With new discovery, Bolivia has most dinosaur footprints on earth


La Paz, Bolivia –  Bolivia has become the country with the greatest number of dinosaur footprints in the world, following the discovery of 5,000 new ones, including those of two new species, in the Cal Orcko outcrop near Sucre, an area already known to have 5,000 tracks of this kind.

The director of Cretaceous Park on the site, Elizabeth Baldivieso, told Efe on Friday that the new discovery was made over the past 10 days by a team of experts headed by Swiss paleontologist Christian Meyer, director of the Natural History Museum of Basel.

Meyer came to Bolivia to check out new areas of the outcrop opened up by quarrying works.

The outcrop, 110 meters (360 feet) high and 1.5 kilometers (almost 1 mile) wide with a 75-degree gradient, was already famous for the 5,022 dinosaur tracks that have been registered since 2006, but the works of a limestone quarry near the paleontological site have brought to light another 5,000 footprints, Baldivieso said.

The researchers have now found footprints of several species, including two that were previously unknown, and which will be named after Sucre and Cal Orcko.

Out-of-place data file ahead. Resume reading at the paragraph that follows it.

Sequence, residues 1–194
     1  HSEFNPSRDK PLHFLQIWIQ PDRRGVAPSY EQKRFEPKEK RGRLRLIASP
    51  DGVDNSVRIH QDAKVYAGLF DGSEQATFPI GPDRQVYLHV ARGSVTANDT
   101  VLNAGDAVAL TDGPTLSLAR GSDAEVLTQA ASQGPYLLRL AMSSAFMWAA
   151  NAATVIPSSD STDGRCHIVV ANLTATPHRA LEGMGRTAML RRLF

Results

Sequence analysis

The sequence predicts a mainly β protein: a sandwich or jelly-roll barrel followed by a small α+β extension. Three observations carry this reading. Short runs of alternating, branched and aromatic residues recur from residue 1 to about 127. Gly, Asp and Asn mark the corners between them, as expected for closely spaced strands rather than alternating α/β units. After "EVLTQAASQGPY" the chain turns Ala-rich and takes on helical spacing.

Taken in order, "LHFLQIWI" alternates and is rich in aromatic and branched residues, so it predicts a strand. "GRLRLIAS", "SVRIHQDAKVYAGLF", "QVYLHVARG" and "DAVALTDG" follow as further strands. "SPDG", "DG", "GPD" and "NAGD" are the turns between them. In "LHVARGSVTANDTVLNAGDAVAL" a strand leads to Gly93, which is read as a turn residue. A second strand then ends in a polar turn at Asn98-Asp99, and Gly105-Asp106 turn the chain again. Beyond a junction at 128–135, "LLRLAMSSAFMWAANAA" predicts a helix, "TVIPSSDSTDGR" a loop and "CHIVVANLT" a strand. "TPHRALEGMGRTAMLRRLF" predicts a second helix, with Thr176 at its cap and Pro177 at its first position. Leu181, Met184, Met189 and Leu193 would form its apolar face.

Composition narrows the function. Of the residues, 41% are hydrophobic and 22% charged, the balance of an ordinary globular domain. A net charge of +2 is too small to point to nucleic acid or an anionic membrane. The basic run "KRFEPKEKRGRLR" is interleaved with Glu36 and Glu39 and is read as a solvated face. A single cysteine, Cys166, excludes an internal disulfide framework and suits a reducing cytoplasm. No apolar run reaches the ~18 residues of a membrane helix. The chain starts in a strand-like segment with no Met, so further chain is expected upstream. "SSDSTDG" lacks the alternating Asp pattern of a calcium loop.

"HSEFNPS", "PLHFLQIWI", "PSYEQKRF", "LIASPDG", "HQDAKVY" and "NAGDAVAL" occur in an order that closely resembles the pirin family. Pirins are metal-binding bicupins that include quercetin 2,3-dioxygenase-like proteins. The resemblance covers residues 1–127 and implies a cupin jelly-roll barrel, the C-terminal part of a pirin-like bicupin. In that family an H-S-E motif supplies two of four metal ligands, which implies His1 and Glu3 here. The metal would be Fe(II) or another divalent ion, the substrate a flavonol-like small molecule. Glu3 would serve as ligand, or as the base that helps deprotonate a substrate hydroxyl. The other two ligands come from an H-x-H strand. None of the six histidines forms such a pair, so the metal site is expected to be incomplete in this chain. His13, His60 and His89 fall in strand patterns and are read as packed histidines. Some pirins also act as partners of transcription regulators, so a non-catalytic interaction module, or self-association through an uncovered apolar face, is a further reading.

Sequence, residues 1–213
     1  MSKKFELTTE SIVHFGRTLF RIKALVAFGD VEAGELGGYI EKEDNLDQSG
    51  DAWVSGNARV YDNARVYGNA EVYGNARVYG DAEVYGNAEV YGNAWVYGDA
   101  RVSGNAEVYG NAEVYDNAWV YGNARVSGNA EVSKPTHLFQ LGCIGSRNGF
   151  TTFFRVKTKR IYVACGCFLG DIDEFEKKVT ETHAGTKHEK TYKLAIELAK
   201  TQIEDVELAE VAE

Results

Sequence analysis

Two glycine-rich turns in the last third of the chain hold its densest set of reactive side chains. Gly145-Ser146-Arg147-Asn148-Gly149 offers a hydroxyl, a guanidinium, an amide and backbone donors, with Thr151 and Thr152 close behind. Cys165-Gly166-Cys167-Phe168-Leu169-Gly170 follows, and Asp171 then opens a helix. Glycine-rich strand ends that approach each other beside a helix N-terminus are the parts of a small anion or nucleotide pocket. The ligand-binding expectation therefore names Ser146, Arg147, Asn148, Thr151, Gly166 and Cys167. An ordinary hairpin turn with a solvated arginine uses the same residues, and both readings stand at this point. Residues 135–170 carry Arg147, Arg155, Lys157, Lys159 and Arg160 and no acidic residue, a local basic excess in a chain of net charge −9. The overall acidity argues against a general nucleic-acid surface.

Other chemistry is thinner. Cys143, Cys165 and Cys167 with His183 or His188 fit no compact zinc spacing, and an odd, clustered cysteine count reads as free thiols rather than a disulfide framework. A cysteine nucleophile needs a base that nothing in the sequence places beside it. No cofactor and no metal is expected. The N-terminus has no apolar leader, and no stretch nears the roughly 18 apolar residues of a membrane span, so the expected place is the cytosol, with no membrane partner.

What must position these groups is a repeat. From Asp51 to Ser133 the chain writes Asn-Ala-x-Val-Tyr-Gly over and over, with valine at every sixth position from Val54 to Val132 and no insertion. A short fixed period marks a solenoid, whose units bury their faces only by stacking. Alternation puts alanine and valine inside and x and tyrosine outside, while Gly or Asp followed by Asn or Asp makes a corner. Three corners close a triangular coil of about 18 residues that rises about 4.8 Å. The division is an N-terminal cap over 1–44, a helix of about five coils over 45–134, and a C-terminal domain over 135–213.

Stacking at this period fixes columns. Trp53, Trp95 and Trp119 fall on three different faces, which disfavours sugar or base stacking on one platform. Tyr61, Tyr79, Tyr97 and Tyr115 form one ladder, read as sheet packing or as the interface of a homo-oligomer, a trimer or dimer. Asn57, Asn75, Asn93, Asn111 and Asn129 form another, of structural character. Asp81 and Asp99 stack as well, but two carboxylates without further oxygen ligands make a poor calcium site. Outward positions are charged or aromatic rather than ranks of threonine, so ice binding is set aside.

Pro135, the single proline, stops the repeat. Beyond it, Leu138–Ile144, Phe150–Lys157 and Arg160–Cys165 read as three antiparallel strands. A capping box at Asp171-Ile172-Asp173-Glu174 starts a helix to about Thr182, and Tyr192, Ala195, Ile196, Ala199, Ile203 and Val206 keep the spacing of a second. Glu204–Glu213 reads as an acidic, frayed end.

Baldivieso said that Meyer prepared a preliminary report of the find and that in three months he will publish the complete results, which will then be used to prepare the Cal Orcko application for recognition as a UNESCO world heritage site.

"We already had the largest site in the world with the original 5,022 footprints, now we have many more by far than any other site. More than 10,000 tracks have been found and we're still waiting for the final report," Baldivieso said.

The Swiss expert went to Sucre on Friday, predicting that the unknown species could be an ankylosaur and a theropod, which would become known as "Calorko saurupis sucrense" and "Sucre saurupis bolivienses," respectively, according to the daily La Razon.

"What is most important is that Cal Orcko is the largest site anywhere in the world, there's no other site with more than 10,000 dinosaur tracks, it's a record on the planet, it's fantastic," Meyer told the media.

The company that quarries limestone to produce cement has finished its work, so Cretaceous Park is assured of having for its study the newly opened areas of the outcrop, located 6 kilometers (3 3/4 miles) from Sucre.

The various species that inhabited the area lived around 65 million years ago, according to Cretaceous Park, which is visited by some 150,000 people a year.